In the beginning was the forest. And the forest was no place to get lost at night, because after sundown it was hard to discern shapes in the moonlight, and find one’s way home. At night, the forest was anything but silent. A strange spine-chilling music flooded in from every direction: the wind whispering among the leaves and stirring the branches of giant trees till they groaned; the faltering footsteps of … presences … that stopped a moment to listen, then continued making their way through the gloom; invisible animals calling out to one another, and sometimes shrieking in terror as they were brought down and devoured by marauding packs of wolves.
The leitmotiv of the forest runs through many of the fairy/fantasy stories collected by the Brothers Grimm in the early 19th century. These stories are often based on oral traditions in Germany dating back hundreds if not thousands of years, but in some cases have been borrowed from Persian, Italian and other traditions.
The Grimm fairy/fantasy tales – “once upon a time” – “and they lived happily ever after” – don’t have connections to real people, places or actual events.
For the Brothers Grimm, fear is one of the great themes of the folk traditions they document – fear of the forest, but also fear of what the forest represents. The forest is a theatre of horror, full of dark secrets, brooding evil, and hidden creatures both natural and supernatural, a place where the imagination looms large. The main events in these tales happen at night – the night of all fears.
Each region of the world is inhabited by its own fears.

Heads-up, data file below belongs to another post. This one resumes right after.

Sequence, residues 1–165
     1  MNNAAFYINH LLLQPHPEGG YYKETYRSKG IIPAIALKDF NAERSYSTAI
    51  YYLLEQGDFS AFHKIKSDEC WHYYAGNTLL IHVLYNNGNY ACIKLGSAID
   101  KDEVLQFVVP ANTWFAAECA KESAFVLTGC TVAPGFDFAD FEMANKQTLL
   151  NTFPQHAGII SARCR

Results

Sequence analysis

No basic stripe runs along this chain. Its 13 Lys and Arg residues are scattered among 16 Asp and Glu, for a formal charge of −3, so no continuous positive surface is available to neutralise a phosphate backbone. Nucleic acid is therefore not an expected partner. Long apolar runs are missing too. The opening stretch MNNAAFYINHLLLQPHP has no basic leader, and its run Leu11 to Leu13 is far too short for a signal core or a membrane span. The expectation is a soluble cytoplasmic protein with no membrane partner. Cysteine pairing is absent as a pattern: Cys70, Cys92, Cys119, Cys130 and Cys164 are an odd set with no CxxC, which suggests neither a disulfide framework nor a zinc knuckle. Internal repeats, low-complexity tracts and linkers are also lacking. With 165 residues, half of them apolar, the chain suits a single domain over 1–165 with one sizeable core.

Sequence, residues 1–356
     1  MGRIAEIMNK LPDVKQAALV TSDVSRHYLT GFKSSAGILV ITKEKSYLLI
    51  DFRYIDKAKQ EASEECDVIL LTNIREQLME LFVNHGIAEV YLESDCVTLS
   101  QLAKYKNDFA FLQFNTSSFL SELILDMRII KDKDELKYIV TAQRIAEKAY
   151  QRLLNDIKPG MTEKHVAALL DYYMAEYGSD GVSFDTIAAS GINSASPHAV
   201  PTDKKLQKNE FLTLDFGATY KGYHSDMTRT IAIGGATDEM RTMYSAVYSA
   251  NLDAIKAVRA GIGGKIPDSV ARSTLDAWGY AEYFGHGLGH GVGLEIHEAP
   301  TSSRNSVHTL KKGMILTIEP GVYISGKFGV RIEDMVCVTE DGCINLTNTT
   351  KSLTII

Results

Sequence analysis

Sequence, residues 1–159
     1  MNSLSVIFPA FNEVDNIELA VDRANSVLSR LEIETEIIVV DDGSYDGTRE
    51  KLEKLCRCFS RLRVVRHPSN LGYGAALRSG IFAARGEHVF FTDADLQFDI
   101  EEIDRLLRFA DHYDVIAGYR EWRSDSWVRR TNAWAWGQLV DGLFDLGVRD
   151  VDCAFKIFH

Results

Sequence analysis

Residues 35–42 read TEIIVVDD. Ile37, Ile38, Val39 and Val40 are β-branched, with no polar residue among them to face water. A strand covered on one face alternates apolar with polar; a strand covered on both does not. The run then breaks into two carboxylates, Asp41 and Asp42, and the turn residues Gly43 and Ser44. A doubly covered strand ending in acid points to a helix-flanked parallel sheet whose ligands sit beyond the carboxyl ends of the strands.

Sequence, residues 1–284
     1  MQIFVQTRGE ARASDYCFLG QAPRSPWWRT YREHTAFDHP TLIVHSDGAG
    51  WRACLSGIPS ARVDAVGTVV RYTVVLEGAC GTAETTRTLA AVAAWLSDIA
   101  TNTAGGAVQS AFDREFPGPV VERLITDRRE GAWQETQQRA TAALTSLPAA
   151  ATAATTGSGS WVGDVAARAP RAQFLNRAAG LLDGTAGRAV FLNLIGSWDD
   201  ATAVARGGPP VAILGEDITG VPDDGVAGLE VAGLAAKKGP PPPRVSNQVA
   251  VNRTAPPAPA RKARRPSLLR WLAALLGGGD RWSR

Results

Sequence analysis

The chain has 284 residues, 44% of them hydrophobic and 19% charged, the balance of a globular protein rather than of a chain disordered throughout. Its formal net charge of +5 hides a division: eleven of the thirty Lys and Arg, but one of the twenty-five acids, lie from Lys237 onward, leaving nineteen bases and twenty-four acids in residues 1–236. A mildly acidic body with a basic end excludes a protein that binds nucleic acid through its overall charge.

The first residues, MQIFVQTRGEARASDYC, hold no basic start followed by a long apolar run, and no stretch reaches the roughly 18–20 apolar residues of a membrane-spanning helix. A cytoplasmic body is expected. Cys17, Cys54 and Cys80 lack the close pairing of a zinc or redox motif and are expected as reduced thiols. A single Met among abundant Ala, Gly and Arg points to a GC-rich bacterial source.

In La Peur en Occident (a book on the role of fear in the Western world), the French historian of mentalities Jean Delumeau identifies the sea as the one great overwhelming primeval fear to have pervaded medieval and early modern European civilization. But then Delumeau, whom I interviewed a fear years ago at the Collège de France in Paris, hailed from Britanny, a French region literally bathed in the sea.
In Hans Christian Andersen’s fairy story The Snow Queen, fear of ice plays a dominant role, but then Andersen was Danish, and familiar with the sovereignty of ice.
The Grimm fairy/fantasy tales also have a fantastical element – magic – the use of mysterious or supernatural powers to make things happen that would usually be impossible. All Nature is animate – animals, plants and objects are able to talk and interact; rocks, sand, mud and the roots of trees can throw themselves at people; pools of water and streams are portals between the living and the dead, or water leads to some terrifying, vital truth the heroine discovers; forbidden doors (with keys) and mirrors lead to other dimensions; knowledge never comes easily and has to be earned by daring and cunning.
And if the forest inspires fear, it is the fear of young people disappearing without trace, of being engulfed in the depths of Nature, of dying a miserable, cruel, forgotten death there. Overcoming this fear of disappearance is thus one of the key driving forces of the Grimm fairy/fantasy tales.